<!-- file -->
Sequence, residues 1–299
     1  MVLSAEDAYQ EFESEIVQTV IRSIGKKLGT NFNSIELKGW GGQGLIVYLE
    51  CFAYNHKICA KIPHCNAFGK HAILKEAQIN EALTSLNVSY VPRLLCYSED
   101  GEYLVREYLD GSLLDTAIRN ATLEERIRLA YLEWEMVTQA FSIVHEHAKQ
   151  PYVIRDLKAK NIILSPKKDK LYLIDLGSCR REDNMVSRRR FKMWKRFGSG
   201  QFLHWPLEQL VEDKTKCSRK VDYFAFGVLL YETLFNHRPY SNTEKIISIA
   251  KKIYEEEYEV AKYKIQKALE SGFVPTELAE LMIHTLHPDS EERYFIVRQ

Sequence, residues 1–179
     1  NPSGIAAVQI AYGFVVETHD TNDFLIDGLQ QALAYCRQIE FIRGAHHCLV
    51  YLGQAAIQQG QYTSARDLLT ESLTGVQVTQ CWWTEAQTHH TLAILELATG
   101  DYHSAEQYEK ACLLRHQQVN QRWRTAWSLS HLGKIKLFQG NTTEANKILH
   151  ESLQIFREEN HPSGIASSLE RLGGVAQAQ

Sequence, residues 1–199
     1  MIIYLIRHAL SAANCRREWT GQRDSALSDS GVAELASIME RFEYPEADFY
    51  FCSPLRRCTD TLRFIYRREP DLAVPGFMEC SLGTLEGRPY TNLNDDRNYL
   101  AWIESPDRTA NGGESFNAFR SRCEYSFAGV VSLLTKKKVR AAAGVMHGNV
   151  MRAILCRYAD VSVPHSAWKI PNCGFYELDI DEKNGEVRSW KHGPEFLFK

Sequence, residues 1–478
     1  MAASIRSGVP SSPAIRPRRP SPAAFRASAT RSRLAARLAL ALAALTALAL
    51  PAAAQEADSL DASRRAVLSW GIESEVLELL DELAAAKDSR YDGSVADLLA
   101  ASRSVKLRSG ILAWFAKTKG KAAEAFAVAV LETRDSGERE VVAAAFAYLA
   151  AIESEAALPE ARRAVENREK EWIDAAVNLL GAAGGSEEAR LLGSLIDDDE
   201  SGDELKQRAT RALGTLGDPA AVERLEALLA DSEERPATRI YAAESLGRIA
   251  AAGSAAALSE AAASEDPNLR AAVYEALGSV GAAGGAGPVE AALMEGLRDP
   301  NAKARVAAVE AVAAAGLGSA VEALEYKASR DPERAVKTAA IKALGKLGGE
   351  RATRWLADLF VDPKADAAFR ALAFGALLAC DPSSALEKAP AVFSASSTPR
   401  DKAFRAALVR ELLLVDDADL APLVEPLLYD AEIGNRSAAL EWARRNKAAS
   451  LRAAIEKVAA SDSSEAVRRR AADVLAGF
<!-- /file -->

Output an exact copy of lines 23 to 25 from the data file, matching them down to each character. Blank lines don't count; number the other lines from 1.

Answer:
   201  SGDELKQRAT RALGTLGDPA AVERLEALLA DSEERPATRI YAAESLGRIA
   251  AAGSAAALSE AAASEDPNLR AAVYEALGSV GAAGGAGPVE AALMEGLRDP
   301  NAKARVAAVE AVAAAGLGSA VEALEYKASR DPERAVKTAA IKALGKLGGE